EligibilityMScR SCE All Years PhD SCE All Years
Date Thursday 09-Mar-2023, 09:30 - 10:50
Venue TBC Kings Buildings
Bookings This event is not yet open for booking. Please check back later.

How to Design an Effective Conference Poster - School of Biological Sciences

Description

In research we are often called upon to present our work in the form of a poster at a conference. The design and layout of these posters is important, if we are to show our work in the best possible light. Many posters are, however, poorly thought out and badly designed. This workshop, using a series of short presentations and practical sessions will examine in detail the features of good poster design, will look at the relative importance of pictures versus words, and will equip the participants to play an active role in the design of their future conference posters.

After the workshop each participant will:

• understand the purpose of the conference poster

• be familiar with the basic rules for poster design

• understand the importance of words, pictures and flow

• know how deliver a conference poster

• have a working strategy for designing a winning poster.

BookingsThere are currently no events scheduled for this course. Please check back later.

How to do an Informatics PhD

Description

This workshop is open to 1st and 2nd Year students in the School of Informatics and the SICSA group.

This workshop will explore the nature of Informatics research and the diversity of methodologies that it employs. In particular, it will investigate the forms of hypotheses or claims that an Informatics research project establishes, and the ways in which such claims can be evaluated.

Pre course work:

Students will be required to bring a 1000 word summary of their research project to the workshop. Guidance will be sent out prior to the course.

If you are a SICSA member and not matriculated at the University of Edinburgh you will need to register for an EASEfriend account before completing the booking form: https://www.ease.ed.ac.uk/userdocs/friend.html

List of Learning Outcomes. By the end of this workshop, students should be able to:

1. Describe the nature of Informatics research and the methodologies that it employs

2. Identify the forms of hypotheses or claims that an Informatics research project establishes and the ways in which such claims can be evaluated

This course relates for domains A1, A2, and C2 of the RDF.

BookingsThere are currently no events scheduled for this course. Please check back later.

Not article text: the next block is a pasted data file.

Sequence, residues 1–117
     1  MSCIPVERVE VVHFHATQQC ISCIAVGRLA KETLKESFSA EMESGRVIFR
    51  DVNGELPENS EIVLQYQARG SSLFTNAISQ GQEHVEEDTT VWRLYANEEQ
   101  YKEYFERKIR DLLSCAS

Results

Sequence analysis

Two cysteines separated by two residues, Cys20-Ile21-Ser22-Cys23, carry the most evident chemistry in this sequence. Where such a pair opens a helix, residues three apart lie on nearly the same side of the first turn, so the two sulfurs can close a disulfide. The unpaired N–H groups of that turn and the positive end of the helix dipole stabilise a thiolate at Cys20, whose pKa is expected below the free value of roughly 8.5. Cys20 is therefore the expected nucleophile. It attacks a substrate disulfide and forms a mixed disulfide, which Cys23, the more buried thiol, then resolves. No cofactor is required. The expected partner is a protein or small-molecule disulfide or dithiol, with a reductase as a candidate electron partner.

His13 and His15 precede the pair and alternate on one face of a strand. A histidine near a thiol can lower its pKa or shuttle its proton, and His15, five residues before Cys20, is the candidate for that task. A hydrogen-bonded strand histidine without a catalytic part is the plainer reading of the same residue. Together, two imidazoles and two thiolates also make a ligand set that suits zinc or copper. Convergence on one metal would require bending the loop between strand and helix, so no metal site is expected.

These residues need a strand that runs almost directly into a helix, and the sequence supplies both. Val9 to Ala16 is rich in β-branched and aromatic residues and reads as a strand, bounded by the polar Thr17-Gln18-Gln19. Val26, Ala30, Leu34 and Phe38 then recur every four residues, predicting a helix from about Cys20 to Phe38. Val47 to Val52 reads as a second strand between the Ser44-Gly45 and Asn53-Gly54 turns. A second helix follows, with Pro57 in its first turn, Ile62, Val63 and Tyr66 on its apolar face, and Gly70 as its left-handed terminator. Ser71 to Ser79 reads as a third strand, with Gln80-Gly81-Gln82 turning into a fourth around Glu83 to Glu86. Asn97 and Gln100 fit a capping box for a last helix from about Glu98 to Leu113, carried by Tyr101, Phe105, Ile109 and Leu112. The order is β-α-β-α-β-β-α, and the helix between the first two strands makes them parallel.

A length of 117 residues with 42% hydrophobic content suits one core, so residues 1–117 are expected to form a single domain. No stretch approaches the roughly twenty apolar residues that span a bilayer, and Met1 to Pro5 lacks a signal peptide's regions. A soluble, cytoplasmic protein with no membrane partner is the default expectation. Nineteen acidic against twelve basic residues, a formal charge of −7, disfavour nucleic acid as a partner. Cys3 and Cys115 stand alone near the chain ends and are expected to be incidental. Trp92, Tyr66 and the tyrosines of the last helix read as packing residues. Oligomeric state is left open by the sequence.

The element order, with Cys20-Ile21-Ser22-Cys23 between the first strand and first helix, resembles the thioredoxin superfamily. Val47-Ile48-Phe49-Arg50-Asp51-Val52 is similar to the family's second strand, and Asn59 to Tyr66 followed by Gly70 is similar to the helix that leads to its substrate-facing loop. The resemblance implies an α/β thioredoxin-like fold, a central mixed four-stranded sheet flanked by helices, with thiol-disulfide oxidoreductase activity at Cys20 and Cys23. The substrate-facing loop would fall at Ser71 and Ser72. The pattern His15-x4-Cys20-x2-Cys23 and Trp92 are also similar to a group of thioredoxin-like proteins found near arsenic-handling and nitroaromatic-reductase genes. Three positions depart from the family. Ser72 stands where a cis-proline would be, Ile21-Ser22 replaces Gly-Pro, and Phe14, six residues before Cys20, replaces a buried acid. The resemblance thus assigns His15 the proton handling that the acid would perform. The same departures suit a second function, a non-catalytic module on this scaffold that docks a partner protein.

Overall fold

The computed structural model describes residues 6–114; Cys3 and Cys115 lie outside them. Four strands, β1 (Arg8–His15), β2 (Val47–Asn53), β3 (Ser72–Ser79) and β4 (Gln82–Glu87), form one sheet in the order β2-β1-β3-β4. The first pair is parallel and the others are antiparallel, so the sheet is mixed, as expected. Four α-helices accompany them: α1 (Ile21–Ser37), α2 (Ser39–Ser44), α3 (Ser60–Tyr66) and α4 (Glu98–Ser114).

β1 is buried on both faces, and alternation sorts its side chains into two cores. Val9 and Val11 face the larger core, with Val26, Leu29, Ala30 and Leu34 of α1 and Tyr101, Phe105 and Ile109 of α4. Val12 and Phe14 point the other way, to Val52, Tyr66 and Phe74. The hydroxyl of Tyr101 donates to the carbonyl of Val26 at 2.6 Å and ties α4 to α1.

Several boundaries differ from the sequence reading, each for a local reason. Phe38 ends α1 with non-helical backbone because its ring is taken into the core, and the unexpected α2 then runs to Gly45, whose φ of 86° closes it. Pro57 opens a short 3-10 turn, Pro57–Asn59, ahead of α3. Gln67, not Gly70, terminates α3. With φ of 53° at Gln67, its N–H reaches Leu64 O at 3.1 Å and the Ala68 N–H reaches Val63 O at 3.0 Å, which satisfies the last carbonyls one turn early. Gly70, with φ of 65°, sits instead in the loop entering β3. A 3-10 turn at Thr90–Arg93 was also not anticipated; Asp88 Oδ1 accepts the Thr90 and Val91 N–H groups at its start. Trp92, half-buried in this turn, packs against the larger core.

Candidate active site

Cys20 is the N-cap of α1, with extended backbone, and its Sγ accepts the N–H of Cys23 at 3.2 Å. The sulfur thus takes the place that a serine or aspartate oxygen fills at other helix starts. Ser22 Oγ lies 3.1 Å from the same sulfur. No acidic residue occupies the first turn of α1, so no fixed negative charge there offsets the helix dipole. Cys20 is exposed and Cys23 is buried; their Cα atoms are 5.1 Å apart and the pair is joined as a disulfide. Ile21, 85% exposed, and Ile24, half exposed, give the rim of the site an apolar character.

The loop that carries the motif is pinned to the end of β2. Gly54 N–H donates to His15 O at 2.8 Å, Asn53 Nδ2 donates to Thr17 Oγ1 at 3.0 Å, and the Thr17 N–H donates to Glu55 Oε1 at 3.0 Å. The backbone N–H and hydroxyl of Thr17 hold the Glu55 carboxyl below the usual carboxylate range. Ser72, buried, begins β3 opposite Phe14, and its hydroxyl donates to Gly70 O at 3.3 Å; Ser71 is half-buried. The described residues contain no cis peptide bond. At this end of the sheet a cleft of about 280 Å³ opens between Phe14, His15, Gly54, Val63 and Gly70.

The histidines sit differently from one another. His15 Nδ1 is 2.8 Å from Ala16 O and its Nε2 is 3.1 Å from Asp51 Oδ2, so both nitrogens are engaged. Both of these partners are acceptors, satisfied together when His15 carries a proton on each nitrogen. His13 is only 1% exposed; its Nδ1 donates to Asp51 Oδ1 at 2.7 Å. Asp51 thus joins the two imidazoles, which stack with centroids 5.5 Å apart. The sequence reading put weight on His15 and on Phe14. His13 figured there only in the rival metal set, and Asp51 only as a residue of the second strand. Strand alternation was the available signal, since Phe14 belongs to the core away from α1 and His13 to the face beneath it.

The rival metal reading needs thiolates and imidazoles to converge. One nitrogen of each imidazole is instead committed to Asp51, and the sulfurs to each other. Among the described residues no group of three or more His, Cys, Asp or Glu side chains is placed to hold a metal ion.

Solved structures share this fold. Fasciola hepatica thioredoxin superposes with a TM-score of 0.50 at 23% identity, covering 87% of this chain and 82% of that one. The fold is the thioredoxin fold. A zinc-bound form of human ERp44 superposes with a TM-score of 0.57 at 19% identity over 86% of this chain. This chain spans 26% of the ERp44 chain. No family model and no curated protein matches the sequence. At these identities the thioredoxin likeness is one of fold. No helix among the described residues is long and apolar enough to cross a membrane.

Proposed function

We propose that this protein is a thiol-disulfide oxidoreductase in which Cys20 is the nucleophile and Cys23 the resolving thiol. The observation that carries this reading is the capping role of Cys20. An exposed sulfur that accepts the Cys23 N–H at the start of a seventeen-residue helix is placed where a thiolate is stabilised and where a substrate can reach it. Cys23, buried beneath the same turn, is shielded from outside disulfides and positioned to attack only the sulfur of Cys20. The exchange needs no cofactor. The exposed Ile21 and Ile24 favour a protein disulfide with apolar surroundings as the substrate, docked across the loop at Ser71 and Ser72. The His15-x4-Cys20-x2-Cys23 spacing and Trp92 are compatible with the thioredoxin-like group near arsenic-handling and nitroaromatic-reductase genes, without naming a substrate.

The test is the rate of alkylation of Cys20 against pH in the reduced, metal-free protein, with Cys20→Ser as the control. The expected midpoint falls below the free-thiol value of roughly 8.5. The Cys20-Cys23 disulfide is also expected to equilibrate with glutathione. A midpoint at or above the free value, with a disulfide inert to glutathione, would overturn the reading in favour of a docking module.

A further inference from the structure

Is My Writing 'Academic' Enough? (CSCE and CMVM)

Description

Does academic writing have to be dull or obscure, or can it be engaging and clear? This workshop explores the standards and  conventions (as well as the myths) that surround writing in an academic context. Our focus will be on identifying key requirements for strong research writing, and translating those into practical checks to ensure that your  text meets relevant expectations.

 

Prerequisites

If possible, students should have attended 'The Writing Process - Getting Started'

Pre-course Work

Please bring a short piece of (your own) academic writing to this workshop. Work in progress is fine.

EligibilityMScR MVM All Years PhD SCE All Years PhD MVM All Years MScR SCE All Years
Date Wednesday 15-Feb-2023, 09:30 - 12:30
Venue Online (via Collaborate Ultra) Off Campus
Bookings This event is not yet open for booking. Please check back later.

PhD Thesis Writing Workshop: School of Engineering

Description

This workshop will cover the process and regulations surrounding thesis writing, submission, examination and final approval.  It will cover both the rules, deadlines and regulations governing the examination for and award of a PhD and will offer guidance and discussion of the process from the student/supervisor perspective.  Thesis-writing is a very individual process, even within a College or School, but there are guidelines and general advice that are relatively generic.

The aim is to de-mystify the thesis-writing process and to equip the course participants with a set of conceptual and attitudinal tools to make that process maximally effective and efficient.

This course relates to domains A1, C1, and D1 of the RDF.

BookingsThere are currently no events scheduled for this course. Please check back later.

Preparing for First Year Review: School of Biological Sciences

Description

This course is for 1st year PhD students. Through a mixture of short presentations and group discussion this course will:

  • give you a clear understanding of the purpose and structure of the First Year Review process
  • allow you to meet students who have already completed their First Year Review
  • give a chance to ask questions of academic staff within your school
  • offer ideas about how to get the most out of the review

It also provides an invaluable opportunity to meet and get to know other PhD students at the same stage as you from across your school.

List of Learning Outcomes. By the end of this workshop, students should be able to:

1.Identify the purpose and structure of a first year review

This course relates to domains A1, C2, and D1 of the RDF.

BookingsThere are currently no events scheduled for this course. Please check back later.

Preparing for First Year Review: School of Physics and Astronomy

Description

This workshop is for 1st year PhD students. Through a mixture of short presentations and group discussion this workshop will

  • give you a clear understanding of the purpose and structure of the First Year Review process
  • allow you to meet students who have already completed their First Year Review
  • give a chance to ask questions of academic staff within your school
  • offer ideas about how to get the most out of the review